Senator Stacey Abrams certainly has a ring to it.
The Atlanta Journal-Constitution is reporting that Abrams, who gained interest nationwide after conceding a hotly contested election for the Georgia governor’s seat last year, met with Democratic leadership in Washington, D.C., to discuss a possible 2020 run—for the U.S. Senate.
An aide told AJC that Abrams met with Senate Minority Leader Chuck Schumer (D-N.Y.) and Democratic Senatorial Campaign Committee head Sen. Cortez Masto (D-Nev.) in separate meetings on Thursday. If she runs, Abrams would be facing off against Senator David Perdue, a Republican who first won office in 2015 and is considered one of Trump’s most loyal allies.
Though many Abrams supporters have made clear that they would like to see her in another 2020 bid—as a potential presidential candidate—Abrams seems to be focusing on her state. This week, Abrams gave herself a March deadline to decide whether she will run against Perdue or launch another bid for the governorship against Brian Kemp in 2022. Last November, Abrams ended her bid to be the nation’s first black woman governor amid allegations of voter suppression against her opponent, then-Secretary of State Kemp.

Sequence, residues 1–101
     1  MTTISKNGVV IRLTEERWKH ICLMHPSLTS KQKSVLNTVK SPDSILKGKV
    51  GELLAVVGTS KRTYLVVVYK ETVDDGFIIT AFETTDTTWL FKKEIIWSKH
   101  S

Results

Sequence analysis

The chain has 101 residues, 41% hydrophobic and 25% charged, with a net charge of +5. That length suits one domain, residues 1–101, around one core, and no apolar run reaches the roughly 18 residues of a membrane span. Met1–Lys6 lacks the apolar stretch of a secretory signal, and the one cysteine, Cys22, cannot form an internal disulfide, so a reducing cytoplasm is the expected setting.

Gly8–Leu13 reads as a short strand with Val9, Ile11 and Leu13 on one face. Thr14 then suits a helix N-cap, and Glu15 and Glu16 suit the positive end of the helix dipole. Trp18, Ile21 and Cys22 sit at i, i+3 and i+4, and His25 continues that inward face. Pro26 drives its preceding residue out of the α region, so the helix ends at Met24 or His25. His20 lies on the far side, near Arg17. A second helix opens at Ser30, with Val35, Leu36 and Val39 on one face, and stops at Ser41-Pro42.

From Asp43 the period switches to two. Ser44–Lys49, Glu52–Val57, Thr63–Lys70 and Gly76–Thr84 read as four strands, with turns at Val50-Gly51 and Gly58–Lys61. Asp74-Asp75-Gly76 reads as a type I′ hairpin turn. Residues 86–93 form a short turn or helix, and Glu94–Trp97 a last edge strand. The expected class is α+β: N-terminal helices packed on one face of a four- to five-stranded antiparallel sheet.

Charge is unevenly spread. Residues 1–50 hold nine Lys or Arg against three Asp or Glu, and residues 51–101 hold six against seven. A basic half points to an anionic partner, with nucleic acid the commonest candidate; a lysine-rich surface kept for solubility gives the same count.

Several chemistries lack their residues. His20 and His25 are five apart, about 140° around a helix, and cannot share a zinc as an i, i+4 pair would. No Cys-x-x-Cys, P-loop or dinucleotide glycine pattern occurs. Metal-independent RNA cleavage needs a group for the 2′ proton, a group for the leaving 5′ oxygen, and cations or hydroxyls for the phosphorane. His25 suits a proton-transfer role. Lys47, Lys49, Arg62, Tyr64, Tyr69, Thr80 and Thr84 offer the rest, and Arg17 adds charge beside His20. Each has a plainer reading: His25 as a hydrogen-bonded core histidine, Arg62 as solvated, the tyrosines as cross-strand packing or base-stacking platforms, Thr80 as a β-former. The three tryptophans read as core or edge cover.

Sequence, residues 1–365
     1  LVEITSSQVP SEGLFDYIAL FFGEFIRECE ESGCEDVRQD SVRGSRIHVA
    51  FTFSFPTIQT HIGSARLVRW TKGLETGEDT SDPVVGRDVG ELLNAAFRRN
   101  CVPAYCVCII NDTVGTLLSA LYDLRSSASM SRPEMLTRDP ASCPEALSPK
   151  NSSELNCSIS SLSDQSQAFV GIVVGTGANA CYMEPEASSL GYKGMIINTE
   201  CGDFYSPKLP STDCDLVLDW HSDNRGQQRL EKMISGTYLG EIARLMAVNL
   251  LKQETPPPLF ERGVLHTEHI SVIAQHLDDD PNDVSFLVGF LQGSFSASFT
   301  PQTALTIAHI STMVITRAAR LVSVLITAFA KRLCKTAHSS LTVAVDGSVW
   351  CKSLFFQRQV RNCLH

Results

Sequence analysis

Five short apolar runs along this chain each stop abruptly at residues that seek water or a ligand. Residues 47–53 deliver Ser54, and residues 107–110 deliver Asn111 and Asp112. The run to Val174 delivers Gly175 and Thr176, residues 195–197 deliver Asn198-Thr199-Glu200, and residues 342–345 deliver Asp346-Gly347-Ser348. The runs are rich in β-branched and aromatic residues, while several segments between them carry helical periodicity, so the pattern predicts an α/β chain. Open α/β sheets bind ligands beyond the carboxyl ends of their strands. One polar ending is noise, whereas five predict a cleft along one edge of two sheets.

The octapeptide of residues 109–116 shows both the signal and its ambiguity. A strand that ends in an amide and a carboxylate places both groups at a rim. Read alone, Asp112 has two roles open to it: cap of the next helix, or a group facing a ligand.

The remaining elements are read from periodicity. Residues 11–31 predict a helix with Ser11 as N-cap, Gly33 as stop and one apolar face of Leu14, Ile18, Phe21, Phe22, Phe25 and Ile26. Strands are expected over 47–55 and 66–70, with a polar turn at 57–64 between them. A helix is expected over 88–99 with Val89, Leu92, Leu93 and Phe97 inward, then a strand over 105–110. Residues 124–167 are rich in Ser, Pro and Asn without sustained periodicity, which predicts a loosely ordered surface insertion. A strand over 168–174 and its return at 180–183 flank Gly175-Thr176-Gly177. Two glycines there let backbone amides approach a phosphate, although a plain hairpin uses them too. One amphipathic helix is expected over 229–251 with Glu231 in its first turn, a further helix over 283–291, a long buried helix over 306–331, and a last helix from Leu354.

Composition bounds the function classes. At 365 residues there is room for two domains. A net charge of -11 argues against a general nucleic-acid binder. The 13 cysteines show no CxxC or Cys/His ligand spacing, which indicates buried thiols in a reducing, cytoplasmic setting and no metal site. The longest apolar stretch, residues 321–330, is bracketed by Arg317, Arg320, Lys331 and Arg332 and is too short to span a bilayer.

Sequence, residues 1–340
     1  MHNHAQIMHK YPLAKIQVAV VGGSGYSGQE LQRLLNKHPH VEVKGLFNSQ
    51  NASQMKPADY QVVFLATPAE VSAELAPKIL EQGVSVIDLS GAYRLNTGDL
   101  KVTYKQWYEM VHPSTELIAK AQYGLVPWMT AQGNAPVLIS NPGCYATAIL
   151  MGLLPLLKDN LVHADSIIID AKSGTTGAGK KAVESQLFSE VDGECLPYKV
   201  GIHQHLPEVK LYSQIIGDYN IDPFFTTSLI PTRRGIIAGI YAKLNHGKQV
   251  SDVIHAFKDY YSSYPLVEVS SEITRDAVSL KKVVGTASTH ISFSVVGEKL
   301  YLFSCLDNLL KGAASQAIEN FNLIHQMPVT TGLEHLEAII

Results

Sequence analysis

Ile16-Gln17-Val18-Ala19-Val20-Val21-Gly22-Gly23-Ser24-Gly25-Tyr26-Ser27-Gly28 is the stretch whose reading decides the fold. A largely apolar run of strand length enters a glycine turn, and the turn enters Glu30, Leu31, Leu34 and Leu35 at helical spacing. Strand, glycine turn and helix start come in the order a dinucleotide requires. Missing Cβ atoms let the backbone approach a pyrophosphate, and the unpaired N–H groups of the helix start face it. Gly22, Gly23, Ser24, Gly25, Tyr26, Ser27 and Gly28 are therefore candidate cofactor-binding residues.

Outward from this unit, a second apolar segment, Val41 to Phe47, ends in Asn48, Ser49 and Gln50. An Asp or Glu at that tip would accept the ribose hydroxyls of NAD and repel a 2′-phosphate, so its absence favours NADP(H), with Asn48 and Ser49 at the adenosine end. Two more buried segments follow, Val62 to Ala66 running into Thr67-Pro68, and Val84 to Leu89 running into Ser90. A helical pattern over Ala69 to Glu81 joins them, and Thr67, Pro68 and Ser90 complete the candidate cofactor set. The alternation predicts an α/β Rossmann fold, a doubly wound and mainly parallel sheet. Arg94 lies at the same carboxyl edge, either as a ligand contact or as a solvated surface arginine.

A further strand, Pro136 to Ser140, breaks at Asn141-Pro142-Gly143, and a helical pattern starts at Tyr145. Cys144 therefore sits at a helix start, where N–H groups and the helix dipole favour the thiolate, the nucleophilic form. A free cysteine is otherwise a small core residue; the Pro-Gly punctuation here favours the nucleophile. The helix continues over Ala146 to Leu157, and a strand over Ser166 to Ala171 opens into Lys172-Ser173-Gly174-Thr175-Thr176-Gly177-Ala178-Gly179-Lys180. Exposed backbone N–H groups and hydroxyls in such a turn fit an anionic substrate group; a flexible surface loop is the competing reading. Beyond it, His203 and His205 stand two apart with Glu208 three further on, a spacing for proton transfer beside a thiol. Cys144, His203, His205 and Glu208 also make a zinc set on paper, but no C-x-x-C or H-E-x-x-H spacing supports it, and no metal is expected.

During that campaign, Kemp continued serving as the state’s chief election officer, which was so hotly contested that vote counting extended well past election day.
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“We all understand challenges and complications; however, this year, more than two hundred years into Georgia’s democratic experiment, the state failed its voters,” Abrams said in her concession speech, pointing out that despite record turnout in the 2018 midterms, “more than a million citizens found their names stripped from the rolls by the Secretary of State.”
In an interview with WABE on Monday, Abrams outlined her considerations for her next political move.
“One, I need to run for office because I’m the best person for the job, not simply because there’s a job that’s open,” Abrams said. “No. 2, I need to run because I have ideas and the capacity to win the election and do the job well.
“And No. 3, I need to make decisions not based on animus or bitterness or sadness, but really based in a pragmatism that says, ‘This is the right thing to do.’”